COSM interface for controlling the SUNRISE wavefront sensorF. Heidecke, T. Berkefeld, B. Feger, R. Friedlein, K. Gerber, T. Kentischer, W. Schmidt, D. Soltau, M. Sigwarth,E. Wälde, Kiepenheuer-Institut für Sonnenphysik, FreiburgFür die Steuerung des SUNRISE Wellenfrontsensorswurde eine Feldbusschnittstelle entwickelt, welche inzwei Applikationen eingesetzt wird.A fieldbus interface has been developed to control theSUNRISE wavefront sensor, which is used by two differentapplications.COSM fieldbus interfaceThe Communication of Short Messages (COSM) has been developed to deal withthe control and monitor tasks of the SUNRISE wavefront sensor. This means to controlmotor mechanisms with off the shelf motor controllers and data aquisition ofphysical values like temperature, voltage and current. Using COSM reduces thecomplexity of the system substantially when compared to common fieldbus systemslike CAN–bus. Furthermore the interface to host systems is transparent and easyto use. The SUNRISE wavefront sensor contains CW–AO and CW–COM as hostsystems. Cell of the COSM fieldbus interface is a 8–bit microcontroller and a differentialfieldbus driver IC. This hardware is available at a low price of 5 EUR. Onthe software side the whole fieldbus interface is implemented in a single C–routinein two variations. This COSM communication driver is located in program memoryof the 8–bit microcontroller. The COSM cell containing the root–communicationroutine is connected to the host system. This cell also generates the 33-bit longmessage frame. All other COSM cells must synchronize with the given messageframes using their cell–communication routine. The COSM communication driverFigure 1: COSM cellprovides data exchange and error detection of single messages, but there is no protocol.This job has to be done by the application software at the same 8–bit microcontroller. So far there are twodifferent protocols using the COSM fieldbus interface, which are optimized for their purposes.COSM fieldbus protocol: Housekeeping dataThe cell with the root–communication routine in this relationship is called the COSM Bus Controller. The cell’smicrocontroller is connected to the CW–COM host system via an additional RS232 driver IC. All other cells areused as sensor modules, which provide the aquisition of the Housekeeping data.COSM motor terminal protocol: motor controllersThis protocol manages up to 9 COSM servers and one COSM client, which are connected to each other via theCOSM bus. All COSM cell’s microcontrollers have an additional RS232 driver IC in this application. The root–cell in this protocol is the COSM client, which is connected to the host. The host system CW–AO has in theend access to every connected motor controller. Each motor controller has also one RS232 interface and each isconnected to one COSM server. The host system has the possibility to create a point–to–point connection to oneserver via the client. This provides a transparent RS232 connection to the motor controller and allows to use itsoriginal instruction set by CW–AO.SUNRISE is an international collaboration, led by the Max–Planck Institut für Sonnensystemforschung (Lindau, D) and withthe High Altitude Observatory in Boulder (Colorado, U.S.A.), the IMAX team (Spain) and the Kiepenheuer-Institut für Sonnenphysikas partners.109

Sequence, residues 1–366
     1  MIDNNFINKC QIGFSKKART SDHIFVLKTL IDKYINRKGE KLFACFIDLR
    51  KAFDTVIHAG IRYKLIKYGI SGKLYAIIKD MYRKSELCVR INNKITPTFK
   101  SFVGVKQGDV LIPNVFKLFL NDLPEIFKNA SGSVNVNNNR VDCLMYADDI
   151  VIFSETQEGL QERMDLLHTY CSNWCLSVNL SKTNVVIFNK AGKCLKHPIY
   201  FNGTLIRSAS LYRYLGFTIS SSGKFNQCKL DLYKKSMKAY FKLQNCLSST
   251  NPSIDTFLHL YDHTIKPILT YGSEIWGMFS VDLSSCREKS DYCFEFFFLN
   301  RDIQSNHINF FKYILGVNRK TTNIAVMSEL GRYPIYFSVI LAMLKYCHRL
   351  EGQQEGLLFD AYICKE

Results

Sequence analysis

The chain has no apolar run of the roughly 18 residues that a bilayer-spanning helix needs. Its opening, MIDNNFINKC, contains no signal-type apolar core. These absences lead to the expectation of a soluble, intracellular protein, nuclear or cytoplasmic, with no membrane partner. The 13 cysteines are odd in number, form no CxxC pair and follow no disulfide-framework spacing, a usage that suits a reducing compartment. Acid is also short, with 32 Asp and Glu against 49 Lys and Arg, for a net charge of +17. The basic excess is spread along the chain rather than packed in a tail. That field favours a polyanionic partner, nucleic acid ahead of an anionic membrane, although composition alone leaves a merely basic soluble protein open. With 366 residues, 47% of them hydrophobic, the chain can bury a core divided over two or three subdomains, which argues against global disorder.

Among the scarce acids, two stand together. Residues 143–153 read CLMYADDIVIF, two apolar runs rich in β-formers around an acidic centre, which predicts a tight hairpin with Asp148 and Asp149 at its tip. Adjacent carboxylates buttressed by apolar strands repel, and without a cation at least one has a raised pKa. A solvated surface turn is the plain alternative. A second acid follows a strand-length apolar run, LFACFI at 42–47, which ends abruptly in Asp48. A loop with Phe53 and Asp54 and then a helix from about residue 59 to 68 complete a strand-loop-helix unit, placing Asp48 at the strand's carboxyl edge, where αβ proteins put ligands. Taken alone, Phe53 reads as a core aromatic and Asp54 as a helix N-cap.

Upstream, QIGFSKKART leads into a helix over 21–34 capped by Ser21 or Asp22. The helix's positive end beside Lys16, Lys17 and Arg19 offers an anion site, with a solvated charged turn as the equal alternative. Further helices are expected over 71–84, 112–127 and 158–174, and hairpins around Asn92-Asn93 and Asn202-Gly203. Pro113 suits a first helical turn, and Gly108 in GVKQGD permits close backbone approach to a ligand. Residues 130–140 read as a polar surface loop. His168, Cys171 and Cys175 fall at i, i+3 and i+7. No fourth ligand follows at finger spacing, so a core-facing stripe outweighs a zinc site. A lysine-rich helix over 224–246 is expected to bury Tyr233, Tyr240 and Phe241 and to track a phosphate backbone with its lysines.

Spectroscopic observations of the Venus transit in 2004W. Schmidt, H. Schleicher, Kiepenheuer-Institut für SonnenphysikT. Brown, High Altitude ObservatoryR. Alonso, Instituto de Astrofísica de CanariasWährend des Venus-Transits im Juni 2004 wurdenSpektren von dem von der Sonne kommenden Licht,das den Rand der Venus passierte, aufgenommen.Dabei wurde hauptsächlich nach Absorptionslinien vonCO, O 2 und CO 2 gesucht.The transit of Venus in June of 2004 was used to observethe atmosphere of the planet, by measuring thelight from the sun passing along the Venusian limb. Themain goal was the search for absorption lines of certainmolecules, mainly CO, O 2 and CO 2The transit of Venus in 2004 was used by a team of German, American and Spanish scientists to observe theatmosphere of the planet, by measuring the light from the sun passing along the Venusian limb. The goals were thesearch for certain molecules, mainly CO, O 2 and CO 2 , and the measurement of gas motion in the atmosphere ofVenus. To this end, we have carried out two different spectroscopic measurements at the Vacuum tower Telescopeon Tenerife with the filter spectrometer TESOS and with the Tenerife Infrared Polarimeter. We took 2D-spectraof an O 2 -line at 628 nm and of an atomic oxygen line at 777 nm with TESOS. The left panel of Fig. 1 shows aTESOS filtergram with Venus in the center of the field, surrounded by solar granulation. We derived an upperlimit for the presence of O 2 in the atmosphere above Venus: any additional absorption in the O 2 line is less than0.05 pm (for comparison: during the transit of Mercury in 2003, we detected an additional absorption in the NaD2 line up to 1.5 pm). The Tenerife Infrared Polarimeter was used for the observation of CO and CO 2 lines at awavelength of 1.597 µm. The presence of CO 2 in the atmosphere of Venus is quite obvious, as shown in the lowerright panel of Fig. 1. It shows the difference of a spectrum taken near the limb of Venus and the solar spectrum,thereby eliminating the solar line profiles. The contrast has been enhanced for better visibility of the spectral linesin the Venus atmosphere. The grey area at the bottom is part of the Venus disk. The location of the atmosphere ofVenus is indicated by horizontal lines; the arrows mark the CO 2 lines. The top right panel shows a slit jaw imageof Venus near the solar limb. A detailed analysis of the spectra is presently carried out at the IAC.Spectrograph slitVenus limbWavelengthCO2 lines at Venus limbFigure 1: Left: Filtergram of Venus, surrounded by solar granulation, observed with a filter spectrometer (TESOS).Bottom right: slit spectrum of the Venus limb and the solar photosphere. The slit is positioned perpendicular tothe Venus limb, as shown in the upper right panel of the figure. The spectrum shown is the difference between themeasured one and a solar spectrum, in order to enhance the visibility of the Venusian absorption lines.110